Prutsman v. Addison Central School Board, et al

Filing 14

DECISION AND ORDER Prutsman's cross motion for leave to file her PAC 8 is granted. Prutsman shall file the PAC within 10 days of entry of this Decision and Order. Defendants' motion to dismiss 6 is, therefore, denied without prejudice. Signed by Hon. David G. Larimer on 2/13/2018. (KAH)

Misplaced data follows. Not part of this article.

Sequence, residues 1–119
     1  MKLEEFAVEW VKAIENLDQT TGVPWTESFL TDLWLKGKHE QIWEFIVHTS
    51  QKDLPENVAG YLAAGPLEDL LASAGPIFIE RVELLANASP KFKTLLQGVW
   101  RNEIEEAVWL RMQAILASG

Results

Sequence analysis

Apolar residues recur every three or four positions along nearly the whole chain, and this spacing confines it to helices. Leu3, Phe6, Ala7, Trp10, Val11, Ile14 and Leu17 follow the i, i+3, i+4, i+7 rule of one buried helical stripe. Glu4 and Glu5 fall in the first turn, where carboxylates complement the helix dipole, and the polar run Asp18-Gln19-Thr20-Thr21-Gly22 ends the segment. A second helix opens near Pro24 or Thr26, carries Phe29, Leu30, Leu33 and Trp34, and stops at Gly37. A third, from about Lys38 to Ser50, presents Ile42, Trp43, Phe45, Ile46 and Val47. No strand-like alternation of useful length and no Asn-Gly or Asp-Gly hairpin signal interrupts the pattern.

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UNITED STATES DISTRICT COURT WESTERN DISTRICT OF NEW YORK _______________________________________________ TERRIE PRUTSMAN, DECISION AND ORDER Plaintiff, 16-CV-6080L v. ADDISON CENTRAL SCHOOL BOARD, et al., Defendants. ________________________________________________ PRELIMINARY STATEMENT Plaintiff Terrie Prutsman (“Prutsman”) commenced this action pursuant to 42 U.S.C. §-1983 against defendants Addison Central School Board (the “Board”) and Joseph DioGuardi (“DioGuardi”), individually and in his capacity as Superintendent of Schools for the Addison Central School District (the “District”). Prutsman, a former employee of the District, alleges that the Board and DioGuardi wrongfully refused to provide her health insurance benefits during her retirement in violation of her rights to due process and equal protection under the United States Constitution. Pending is defendants’ motion to dismiss the complaint pursuant to Rule 12(b)(6) of the Federal Rules of Civil Procedure, and Prutsman’s cross-motion for leave to file an amended complaint pursuant to Rule 15(a) of the Federal Rules of Civil Procedure. (Dkt. ## 6; 8). Defendants oppose Prutsman’s cross-motion. (Dkt. # 10). By Order dated December 12, 2017, the Court directed the parties to further brief “the question of whether the availability of an Article 78 proceeding [pursuant to New York Civil Practice Law and Rules (“CPLR”)] would defeat plaintiff’s proposed amended due process claim[.]” (Dkt. # 11). The parties completed their briefing of that question on January 3, 2018. (Dkt. ## 12; 13). BACKGROUND1 Prutsman began working for the District on February 5, 1990. (Dkt. # 8-2 at ¶ 9). On July 8, 2013, Prutsman signed a Memorandum of Agreement (“MOA”) regarding her position as a Senior Account Clerk Typist with the District. (Dkt. # 1-1). The MOA, signed on behalf of the District by DioGuardi, detailed the terms and conditions of Prutsman’s employment from July 1, 2013 through June 30, 2014. (Id.). Relevant for purposes of Prutsman’s PAC, the MOA’s “Health Insurance” section specified, “[u]pon retirement, the Sr. Account Clerk Typist shall receive health and dental insurance for life in either an individual or family plan based upon marital status and need.” (Id.; Dkt. # 8-2 at ¶ 10). On December 2, 2013, Prutsman took a six-month medical leave from work. (Dkt. # 8-2 at ¶ 11). At the end of those six months, the leave was extended for an additional six months, totaling an absence of one year. (Id. at ¶ 12). By letter dated October 30, 2014, Prutsman requested that the District make a “reasonable accommodation” and extend her medical leave again, as she would be unable to return to work as of December 2014. (Id. at ¶ 13; Dkt. # 1-2). According to Prutsman, she made this request to enable her to await the New York State Retirement System’s decision regarding her disability retirement application. (Dkt. # 8-2 at The Court draws the following facts from Prutsman’s proposed amended complaint (“PAC”). The facts alleged in the PAC are assumed to be true for purposes of Plaintiff’s motion to amend. See, e.g., Ortiz v. Westchester Med. Ctr. Health Care Corp., No. 15-cv-5432 5432, 2016 WL 6901314, *1 n.1 (S.D.N.Y. Nov. 18, 2016) (citing Polanco v. NCO Portfolio Mgmt., Inc., 23 F. Supp. 3d 363, 366 n.1 (S.D.N.Y. 2014)). While the PAC does not attach any of the exhibits to which it refers, it is apparent that it refers to the same exhibits as those attached to the original complaint. Therefore, for purposes of this Decision and Order, the Court will consider the exhibits attached to the original complaint as if they were submitted with the PAC. 1 2 ¶¶ 14, 15). The District did not acknowledge Prutsman’s October 30, 2014, letter. (Id. at ¶ 17). Apparently, Prutsman’s October 30, 2014, letter “crossed in the mail” with the District’s October 31, 2014, letter to her, the contents of which are not detailed by Prutsman in the PAC. (Id. at ¶ 16). On December 4, 2014, Ken Forrester (“Forrester”), the District’s School Business Administrator, notified Prutsman that the Board had terminated her at the December 2, 2014, Board meeting. (Dkt. # 8-2 at ¶ 18). On February 10, 2015, Forrester advised Prutsman to draft a letter to DioGuardi “disagreeing with the fact that [DioGuardi] took [Prutsman] to the [Board] as a termination.” (Id. at ¶ 21). Forrester and Prutsman had no further communications. (Id. at ¶ 22). Prutsman alleges that DioGuardi did not contact her regarding her health insurance, which prompted Prutsman to write DioGuardi “on or about March 3, 2015, requesting the necessary paperwork to change the COBRA policy over to [Prutsman’s] policy as a retiree of the District.” (Id. at ¶ 22). Yet Prutsman’s own papers contradict that allegation, as she has not submitted a March 3, 2015, letter from Prutsman to DioGuardi. According to Prutsman’s exhibits, DioGuardi wrote Prutsman on March 3, 2015, stating: I have reviewed your letter dated February 11, 2015 and the associated materials you included with the letter, however nothing has changed the District’s decision. An employee only receives health insurance benefits when they have been an active participant in the plan at the time of retirement from the district. I am sorry to inform you that since you were terminated by the [Board] on December 9, 2014, you do not qualify for this benefit. (Dkt. # 8-3).2 On March 11, 2015, Prutsman wrote DioGuardi, stating, in full: Thank you for your reply on March 3, 2015. Based upon the materials I provided previously, my retirement date precludes my The December 9, 2014, date appears to be a mistake, as Forrester’s December 4, 2014, letter indicated that the Board terminated Prutsman as of December 2, 2014. 2 3 termination by the [Board]. (December 9, 2014). It is my understanding that your decision that I do not qualify for health insurance benefits is based on that termination date. Enclosed is a Certificate of Group Health Plan Coverage stating that I have had continuous coverage for at least the last eighteen months, making me an active participant. At the time of my Disability Retirement determination, I was an active participant and continue to be. I ask again for the necessary paperwork to complete the transition for my health insurance as a retiree of the District, based on my Article 15 Ordinary Disability Retirement determination, which was retroactive to January 22, 2014. A copy of the amended date and notice is enclosed. (Dkt. # 1-3).3 Prutsman’s stance was that because the New York State retirement system had retroactively set her retirement date as January 22, 2014, which preceded defendants’ decision to terminate her, she was entitled to retirement health benefits pursuant to the MOA. (Dkt. # 8-2 at ¶¶ 25, 30, 31, 32). On March 27, 2015, DioGuardi responded to Prutsman’s March 11, 2015, letter, indicating, “[defendants] have not changed our original position as nothing you have stated in your letter changes our decision.” (Docket # 1-4). Prutsman alleges that she and the District had no further correspondence thereafter. (Docket # 8-2 at ¶ 23). However, on April 10, 2015, she requested a copy of the MOA and her termination letter from the District Clerk, Mary Berkan. (Id. at ¶ 34). The District sent Prutsman the MOA, the termination letter, and a copy of the minutes from the Board’s December 2, 2014, meeting, at which she was terminated. (Id. at ¶ 35). 3 See, supra, footnote 2. 4 DISCUSSION4 1. Motion to Amend Rule 15(a) of the Federal Rules of Civil Procedure directs a court to “freely give leave [to amend a complaint] when justice so requires.” Fed. R. Civ. P. 15(a)(2); see Forman v. Davis, 371 U.S. 178, 182 (1962). This is a liberal standard, see Loreley Fin. (Jersey) No. 3 Ltd. v. Wells Fargo Sec., LLC., 797 F.3d 160, 190 (2d Cir. 2015), and within the court’s discretion, see Ruffolo v. Oppenheimer & Co., 987 F.2d 129, 131 (2d Cir. 1993). Nevertheless, a district court may deny leave to amend if the proposed amendment is futile. Williams v. Citigroup Inc., 659 F.3d 208, 214 (2d Cir. 2011). “An amendment to a pleading is futile if a proposed claim could not withstand a motion to dismiss pursuant to Rule 12(b)(6).” Lucente v. Int’l Bus. Mach. Corp., 310 F.3d 243, 258 (2d Cir. 2002). In other words, a proposed amended complaint must still contain “enough facts to state a claim to relief that is plausible on its face.” See Bell Atl. Corp. v. Twombly, 550 U.S. 544, 570 (2007). The party opposing the amendment “bears the burden of establishing that an amendment would be futile.” Quintanilla v. Suffolk Paving Corp., No. 09-cv-5331, 2012 WL 4086805, *3 (E.D.N.Y. Sept. 17, 2012). In determining whether a complaint is plausible, the court “accept[s] as true all nonconclusory factual allegations therein, and draw[s] all reasonable inferences in plaintiff’s favor to determine whether the allegations plausibly give rise to an entitlement to relief.” Panther Partners Inc. v. Ikanos Commc’n, Inc., 681 F.3d 114, 119 (2d Cir. 2012) (citing The Court first will address Plaintiff’s motion to amend, as the adjudication of that motion will affect the resolution of Defendants’ motion to dismiss the original complaint. Cf. Goureau v. Goureau, No. 12-cv-6442, 2013 WL 1499404, *4 (S.D.N.Y. April 10, 2013) (“[L]eave to amend is granted, and the Court accepts plaintiffs’ Second Amended Complaint as the operative complaint in this case. . . . Defendants’ motion for judgment on the pleadings is dismissed as moot.”). 4 5 Ashcroft v. Iqbal, 556 U.S. 662, 678-80 (2009)). While the court is “free to consider documents that are incorporated into the complaint by reference or attached to the complaint as exhibits, or whose terms and effect are relied upon by the plaintiff in drafting the complaint,” Gryl ex rel. Shire Pharms. Grp. Plc. v. Shire Pharms. Grp. Plc., 298 F.3d 136, 140 (2d Cir. 2002), it cannot resolve fact-specific questions on the pleadings, see Anderson News, L.L.C. v. Am. Media, Inc., 680 F.3d 162, 185 (2d Cir. 2012). “A court ruling on a [Rule 12(b)(6)] motion may not properly dismiss a complaint that states a plausible version of the events merely because the court finds a different version more plausible.” Anderson News, L.L.C., 680 F.3d at 185 (alterations and citations omitted). “Thus, the appropriate question at this stage is not whether plaintiff will prevail on the facts as alleged in the complaint, but rather whether the claimant is entitled to offer evidence to support the claims.” Martinez v. LVNV Funding LLC, No. 14-cv-00677, 2016 WL 5719718, *2 (E.D.N.Y. Sept. 30, 2016) (alterations and quotations omitted). 2. Procedural Due Process In order to state a valid claim under 42 U.S.C. §-1983, a plaintiff must show that the conduct in question deprived him or her of a right, privilege, or immunity secured by the Constitution or the laws of the United States, and that the acts were attributable at least in part to a person acting under color of state law. See 42 U.S.C. §-1983; Washington v. Cty. of Rockland, 373 F.3d 310, 315 (2d Cir. 2004). Where, as here, a plaintiff alleges violations of procedural due process, “the deprivation by state action of a constitutionally protected interest in ‘life, liberty, or property’ is not in itself unconstitutional; what is unconstitutional is the deprivation of such an interest without due process of law.” Zinermon v. Burch, 494 U.S. 113, 125 (1990). Courts examine procedural due process claims in two steps: “the first asks whether there exists a liberty or property interest which has been interfered with by the State; the second 6 examines whether the procedures attendant upon that deprivation were constitutionally sufficient.” Kentucky Dep’t of Corr. v. Thompson, 490 U.S. 454, 460 (1989) (citations omitted).5 Regarding the second step, generally, “‘some kind of hearing’ is required before the State can deprive a person of a protected property interest.” Jackson v. Roslyn Bd. of Ed., 438 F. Supp. 2d 49, 53-54 (E.D.N.Y. 2006) (quoting DiBlasio v. Novello, 344 F.3d 292, 302 (2d Cir. 2003)). However, “[w]hen reviewing alleged procedural due process violations, the Supreme Court has distinguished between (a) claims based on established state procedures and (b) claims based on random, unauthorized acts by state employees.” Hellenic American Neighborhood Action Comm. v. City of New York, 101 F.3d 877, 880 (2d Cir. 1996) (“HANAC”) (citing Hudson v. Palmer, 468 U.S. 517, 532 (1984), and Parratt v. Taylor, 451 U.S. 527, 541 (1981), overruled on other grounds by Daniels v. Williams, 474 U.S. 327, (1986)). “In the latter case, the Due Process Clause of the Fourteenth Amendment is not violated when a state employee intentionally deprives an individual of property or liberty, so long as the State provides a meaningful postdeprivation remedy.” HANAC, 344 F.3d at 880. “When the deprivation occurs in the more structured environment of established state procedures . . . the availability of postdeprivation procedures will not, ipso facto, satisfy due process.” Id. The state actors’ conduct is not random and unauthorized “if the state delegated to those actors the power and authority to effect the very deprivation complained of . . . [and] the concomitant duty to initiate the procedural safeguards set up by state law, even if the act in question was not . . . sanctioned by state law.” Rivera-Powell v. New York City Bd. of Elections, 470 F.3d 458, 465 (2d Cir. 2006) (quotations omitted). Moreover, the Second Circuit has held 5 At this stage, defendants do not dispute that Prutsman has a property interest in retirement health insurance benefits, satisfying the first step of the procedural due process analysis. (Dkt. # 6-1 at 7-8). The Court will assume for purposes of this Decision and Order that Prutsman has a property interest in such benefits. 7 that the “random and unauthorized” exception “does not apply where the government actor in question is a high-ranking official with final authority over significant matters.” DiBlasio, 344 F.3d at 302. (quotations omitted). 3. Parties’ Arguments Prutsman’s proposed amendment is based on the exact same alleged conduct of defendants as the original complaint. Yet she seeks leave to “delete the allegation that the defendants’ acts were arbitrary, capricious, malicious, etc., and replace those allegations with the allegation that the denial of plaintiff’s health insurance coverage is based upon defendants’ established state procedure.” (Dkt. # 8-1 at 7). Prutsman makes two references to an “established state procedure” in her PAC. First, she alleges that defendants had an “established state procedure to refuse to submit the required [retirement health benefits] paperwork to establish health insurance within the one-year leave of absence time frame.” (Dkt. 8-2 at ¶ 24) (emphasis omitted). Second, she alleges, “defendants’ denial of plaintiff’s health insurance benefits was based upon an established state procedure of denying health insurance to employees such as the plaintiff who are eligible for health insurance based upon retirement.” (Id. at ¶ 37) (emphasis omitted). In support of her cross-motion to amend, Prutsman specifies that defendants’ “established state procedure” is “clearly set forth in the [March 3, 2015,] letter from Joe DioGuardi where he states: An employee only receives health insurance benefits when they have been an active participant in the plan at the time of retirement from the district.” (Dkt. # 8-1 at 7). Prutsman argues that because her MOA with the District makes no mention of the need to be an “active participant” at the time of retirement in order to receive the benefits, DioGuardi’s reasoning must be based “upon defendants’ established state procedure.” (Id. at 8). By summarily denying her 8 these benefits, according to Prutsman, defendants violated her constitutional rights. (Dkt. # 8-2 at ¶ 42). Defendants characterize Prutsman’s proposed amendment as “swap[ing] one formulation of conclusory language for another,” (Dkt. # 10 at 1-3), and oppose the PAC as futile, (id. at 10). They argue that the language in DioGuardi’s March 3, 2015, letter does not “reflect a procedure put in place by the District; rather, it reflects the rationale being applied by the Superintendent in his act of interpreting the language of [the MOA].” (Id. at 7). Essentially, defendants argue that, as with the original complaint, the conduct Prutsman alleges is still, at best, a discrete, random and unauthorized act, and not in furtherance of an established state procedure. Therefore, given the availability of an Article 78 proceeding, according to defendants, Prutsman cannot state a viable constitutional due process claim. (See generally Dkt. # 6-1). Finally, in their supplemental briefs, the parties dispute the sufficiency of the notice and Prutsman’s opportunity to be heard prior to defendants’ decision to deny Prutsman retirement health insurance benefits. (See generally Dkt. ## 12; 13). 4. Sufficiency of Prutsman’s Proposed Amended Complaint Here, the Court finds that defendants’ argument that the availability of an Article 78 proceeding satisfied due process is premature at this stage of the case based on the record developed thus far. The decision in Jackson v. Roslyn Board of Education, 438 F. Supp. 2d 49 (E.D.N.Y. 2006) is persuasive in this regard. There, plaintiff, a former employee at defendant school district, brought a 42 U.S.C. §-1983 action alleging that defendants denied his employee disability retirement without due process. Jackson, 438 F. Supp. 2d at 51. The school district terminated plaintiff while his New York State application for disability retirement benefits was pending. Id. at 52. The State subsequently approved plaintiff’s application and retroactively 9 established plaintiff’s disability retirement date as the last day of his employment with the school district. Id. However, the school district had to enroll plaintiff in disability retirement benefits, and, despite plaintiff’s requests, the school district refused to enroll him in the benefits. Id. Plaintiff alleged that this conduct “constituted a denial of his disability retirement benefits without notice and without an opportunity to be heard.” Id. The court denied defendants’ motion to dismiss the due process claim, reasoning that it could not say “with any degree of certainty whether the defendants’ act of merely refusing to entertain the plaintiff’s application occurred within the context of established state procedures or if it was a random and unauthorized act[.]” Id. at 54. The court thought plaintiff’s allegations warranted discovery to understand the basis for the school district’s conduct. Id. at 54-55. Only then could the court decide whether the defendants “should have, or even could have, provided the plaintiff with any form of pre-deprivation process.” Id. at 55. Like the parties in Jackson, the parties here dispute whether DioGuardi’s denial of Prutsman’s retirement health insurance benefits was a random and unauthorized act, or pursuant to an established state procedure. Prutsman has alleged, in support of her new theory, that the Board was “vested with the supervision of schools within Steuben County, including the hiring and termination of teachers, and the provision of retirement benefits,” and that defendants denied her health insurance benefits pursuant to an established state procedure without notice and an opportunity to be heard. (Dkt. # 8-2 at ¶¶ 6, 24, 37, 42). If this is true, “the availability of postdeprivation procedures will not, ipso facto, satisfy due process.” HANAC, 344 F.3d at 880. And even though defendants argue that DioGuardi’s March 3, 2015, letter merely reflected his rationale for the denial of Prutsman’s health insurance benefits, the Court at this point is neither inclined, nor permitted, to resolve that factual dispute. 10 Given the factual similarities with Jackson, the liberal standard against which Prutsman’s cross-motion is to be judged, and the fact that “[t]he distinction between random and unauthorized conduct and established state procedures . . . is not clear-cut,” see Rivera-Powell, 470 F.3d at 465, this Court finds that resolution of the parties’ dispute is inappropriate at this stage of the case. The Court notes, as it did in its prior Order (Dkt. # 11), that the postdeprivation remedy of an Article 78 proceeding may be relevant to the outcome of this case. See HANAC, 101 F.3d at 882 (“there is no constitutional violation (and no available §-1983 action) when there is an adequate state postdeprivation procedure to remedy a random, arbitrary deprivation of property or liberty”). However, the Court cannot yet say that the availability of that avenue is outcome determinative, as Prutsman should have at least the opportunity to present evidence regarding whether defendants’ conduct was in furtherance of an established state procedure, and if so, whether she received due process. Therefore, Prutsman is granted leave to file her PAC. This is not to say that Prutsman will ultimately prove her claims and prevail in the case. Nor is it to say that defendants’ current arguments will not persuade this Court upon a more fully developed record. Rather, the case is in the pleading stage only and there is a sufficient basis to proceed. Resolution of the case on the merits is for another day. 11 CONCLUSION For the above-stated reasons, Prutsman’s cross-motion for leave to file her PAC (Dkt. # 8) is GRANTED. Prutsman shall file the PAC within 10 days of entry of this Decision and Order. Defendants’ motion to dismiss (Dkt. # 6) is, therefore, DENIED without prejudice. IT IS SO ORDERED. _______________________________________ DAVID G. LARIMER United States District Judge Dated: Rochester, New York February 13, 2018. 12